AD 10 Tiberius comes to power Vodenos
AD 20 Epatticus
AD 30 Caligula comes to power Verica Adminius
AD40 Claudius comes to power Caractacus, Togodumnus

To be Continued:

The next posts will focus on the southern dynasties as reflected in the above table.

References:

Geoffrey of Monmouth, “The History of the Kings of Britain.” Translated with an Introduction by Lewis Thorpe; First Published in 1966; Republished by Penguin Books, London England

David Miles, “The Tribes of Britain”, published in 2006 by Phoenix, an imprint of Orion Books, LTD, London.

Graham Webster, “Boudica: The British Revolt Against Rome AD 60, Reprinted 2004 by Routledge, London.

Graham Webster, “The Roman Invasion of Britain.” Reprinted in 1999 by Routledge, New York.

Joseph Campbell, “The Power of Myth with Bill Moyers.” Anchor Books, a Division of Bantam Doubleday Dell Publishing Group, New York, 1988.

Celtic Spirit Warrior

British Tribal Dynasties


Once having transversed the threshold, the hero moves in a dream landscape of curiously fluid, ambiguous forms, where he must survive a succession of trials.
–Joseph Campbell

 

Julius Caesar’s Impact British Tribal Dynasties

The most important impact of Caesar on the British scene was to divide the southeastern British tribal dynasties into pro- and anti-Roman factions. After Caesar’s expeditions in Britain, lucrative Roman trade was extended to Celtic British kings who were Roman allies. The kings of Kent without exception had been hostile and only made peace overtures after they were thoroughly beaten. The tribes on the north bank of the Thames and in Kent were forced to pay an annual tribute which sustained their festering hatred of Rome.

Julius Caesar Statue

Statue of Julius Caesar

 

Those that benefited, primarily the Trinovantes and the people of Verulamion and Braughing areas and their allies, were rewarded with political alliances and access to trade with Rome. As far as Rome was concerned, southeast Britain was conquered. The next stage was to allow the effects of trade and cultural contacts to prepare the way for full Roman occupation with all of the apparatus of government and law.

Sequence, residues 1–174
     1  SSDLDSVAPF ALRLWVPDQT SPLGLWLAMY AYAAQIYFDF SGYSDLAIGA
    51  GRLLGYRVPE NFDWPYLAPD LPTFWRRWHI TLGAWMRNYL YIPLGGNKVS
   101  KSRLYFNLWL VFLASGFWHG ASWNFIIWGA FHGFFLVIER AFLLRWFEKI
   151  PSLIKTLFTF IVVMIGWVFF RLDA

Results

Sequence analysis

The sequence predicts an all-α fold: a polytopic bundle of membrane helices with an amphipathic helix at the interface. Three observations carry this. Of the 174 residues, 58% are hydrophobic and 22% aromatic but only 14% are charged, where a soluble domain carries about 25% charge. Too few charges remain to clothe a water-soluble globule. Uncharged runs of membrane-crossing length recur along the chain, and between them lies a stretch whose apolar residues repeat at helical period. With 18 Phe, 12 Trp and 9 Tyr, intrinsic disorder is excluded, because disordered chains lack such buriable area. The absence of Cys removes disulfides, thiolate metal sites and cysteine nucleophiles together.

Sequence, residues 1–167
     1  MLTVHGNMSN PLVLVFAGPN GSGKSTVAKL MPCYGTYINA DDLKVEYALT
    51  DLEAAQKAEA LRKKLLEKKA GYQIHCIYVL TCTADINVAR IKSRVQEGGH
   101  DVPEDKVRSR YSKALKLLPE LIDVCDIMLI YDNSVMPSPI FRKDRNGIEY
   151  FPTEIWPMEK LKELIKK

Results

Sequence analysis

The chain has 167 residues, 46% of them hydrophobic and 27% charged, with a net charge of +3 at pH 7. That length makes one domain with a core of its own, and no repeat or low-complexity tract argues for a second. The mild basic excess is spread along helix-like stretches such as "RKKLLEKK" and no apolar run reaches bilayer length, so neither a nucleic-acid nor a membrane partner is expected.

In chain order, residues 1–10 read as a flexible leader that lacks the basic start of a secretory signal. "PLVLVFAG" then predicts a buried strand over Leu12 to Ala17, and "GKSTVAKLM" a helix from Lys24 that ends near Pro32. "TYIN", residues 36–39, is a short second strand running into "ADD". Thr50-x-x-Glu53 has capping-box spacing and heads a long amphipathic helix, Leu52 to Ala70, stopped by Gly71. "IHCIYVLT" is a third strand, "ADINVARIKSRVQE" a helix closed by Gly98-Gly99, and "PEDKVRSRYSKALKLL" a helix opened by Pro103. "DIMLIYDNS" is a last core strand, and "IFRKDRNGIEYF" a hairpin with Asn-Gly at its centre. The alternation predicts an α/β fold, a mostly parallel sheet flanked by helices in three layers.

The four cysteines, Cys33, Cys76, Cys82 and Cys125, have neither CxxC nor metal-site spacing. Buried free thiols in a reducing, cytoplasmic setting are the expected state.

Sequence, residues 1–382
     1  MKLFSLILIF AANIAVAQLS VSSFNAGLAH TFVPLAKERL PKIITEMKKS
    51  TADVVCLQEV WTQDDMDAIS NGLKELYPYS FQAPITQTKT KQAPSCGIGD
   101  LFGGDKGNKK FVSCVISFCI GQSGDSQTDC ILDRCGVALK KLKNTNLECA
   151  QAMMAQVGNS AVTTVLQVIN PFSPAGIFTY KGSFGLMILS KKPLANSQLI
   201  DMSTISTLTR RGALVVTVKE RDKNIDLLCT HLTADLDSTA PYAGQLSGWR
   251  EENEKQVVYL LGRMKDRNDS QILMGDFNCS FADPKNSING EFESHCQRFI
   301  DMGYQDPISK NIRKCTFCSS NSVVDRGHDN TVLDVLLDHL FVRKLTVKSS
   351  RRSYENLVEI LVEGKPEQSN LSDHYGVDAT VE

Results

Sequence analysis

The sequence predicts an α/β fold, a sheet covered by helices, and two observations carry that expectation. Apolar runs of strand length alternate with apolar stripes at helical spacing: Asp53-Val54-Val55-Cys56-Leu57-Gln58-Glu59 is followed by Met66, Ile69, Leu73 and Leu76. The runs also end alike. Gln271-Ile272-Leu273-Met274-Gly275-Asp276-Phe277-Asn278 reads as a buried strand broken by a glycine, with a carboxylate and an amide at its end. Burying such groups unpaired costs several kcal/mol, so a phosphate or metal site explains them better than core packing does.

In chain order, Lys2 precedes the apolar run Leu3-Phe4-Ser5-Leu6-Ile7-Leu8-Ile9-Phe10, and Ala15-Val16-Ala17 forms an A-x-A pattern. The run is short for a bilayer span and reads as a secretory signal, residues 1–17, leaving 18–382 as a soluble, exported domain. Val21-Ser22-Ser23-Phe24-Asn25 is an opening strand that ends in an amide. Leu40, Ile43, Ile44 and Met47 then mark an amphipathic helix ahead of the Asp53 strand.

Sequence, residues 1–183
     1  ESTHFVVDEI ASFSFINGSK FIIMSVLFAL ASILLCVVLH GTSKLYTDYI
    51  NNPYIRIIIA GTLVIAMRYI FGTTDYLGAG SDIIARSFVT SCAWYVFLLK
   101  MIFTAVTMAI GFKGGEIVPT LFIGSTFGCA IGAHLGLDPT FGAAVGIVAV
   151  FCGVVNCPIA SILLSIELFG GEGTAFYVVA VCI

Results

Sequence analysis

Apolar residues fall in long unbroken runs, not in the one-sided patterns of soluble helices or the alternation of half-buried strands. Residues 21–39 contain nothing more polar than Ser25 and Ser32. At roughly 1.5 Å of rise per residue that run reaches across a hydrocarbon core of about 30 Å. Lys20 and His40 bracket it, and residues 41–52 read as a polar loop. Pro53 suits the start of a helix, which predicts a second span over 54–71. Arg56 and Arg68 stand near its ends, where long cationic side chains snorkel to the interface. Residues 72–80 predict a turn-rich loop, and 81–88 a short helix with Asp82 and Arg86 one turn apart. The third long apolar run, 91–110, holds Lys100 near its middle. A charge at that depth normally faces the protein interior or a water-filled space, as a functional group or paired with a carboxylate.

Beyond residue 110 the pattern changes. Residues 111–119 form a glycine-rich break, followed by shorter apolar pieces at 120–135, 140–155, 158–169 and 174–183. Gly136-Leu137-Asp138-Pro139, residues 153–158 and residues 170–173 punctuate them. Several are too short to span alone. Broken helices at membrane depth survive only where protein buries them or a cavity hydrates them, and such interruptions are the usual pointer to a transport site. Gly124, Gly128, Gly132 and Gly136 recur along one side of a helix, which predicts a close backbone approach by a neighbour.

But any immediate plans were put aside by the serious rising of almost all tribes in Gaul (modern day France) united under one commander, Vercingetorix (whose name means ‘victor in 100 battles’). The whole of Gaul had to be conquered a second time. Of the six million people living in Gaul before Caesar arrived in 58 BC, one million were killed and one million were sold as slaves when he left in 50 BC. Caesar himself wrote in his Commentaries on the War in Gaul that peace had been brought to the whole of Gaul. This was the peace of a graveyard.

Statue of Vercingetorix

Statue of Vercingetorix

During the subsequent civil wars in the empire, Britain was forgotten except by Roman merchants using trading posts. As soon as Julius Caesar’s nephew, Augustus, established himself as the princeps in 27 BC, he realized there was unfinished business that needed attention. There was an indication that he was thinking about invading Britain in the autumn of that year, when he was in southern Gaul reorganizing the province. But any serious plans for an expedition the following year were swept aside by trouble in Spain. He was by nature cautious, preferring compromise as a solution.

Augustus of Prima Porta

Statue of Emperor Augustus Caesar

Trying to balance the needs of a large sprawling empire, he decided not to launch a campaign against Britain when there were other more pressing military operations elsewhere. Thus, he maintained Roman influence over the British rulers by diplomatic means. As long as Rome had strong allies along coastline Britain who controlled the main points of entry from Gaul, he did not feel there was a need for further action. Nonetheless, he kept a wary eye on Britain since changes in British tribal dynasties could upset the balance of power. He did not want coastal areas, important for trade and potential landing points, to fall into hostile hands. Augustus was reluctant to interfere with British politics, but there were times when this became necessary.

Ara Pacis: Processional frieze showing members of the Imperial household

Ara Pacis: Processional frieze showing members of the Imperial household

 

Polarization of the British tribal dynasties remained and a fascinating pattern of shifting inter-tribal relationships can be dimly perceived through the study of coinage that was minted by the Britons themselves. Coin evidence is no substitute for political detailed political accounts. Nevertheless, it provides us with the earliest names of the players in the 1st century British power struggle. They provide a crude indicator of tribal territories, alliances and the political geography of southeast Britain in the decades before the Roman invasion of AD 43. The following is a discussion of the political struggles of British tribal dynasties north of the Thames and Kent.

Map Ancient Britain 1st Center

Map Ancient Southeast Britain

Addedomaros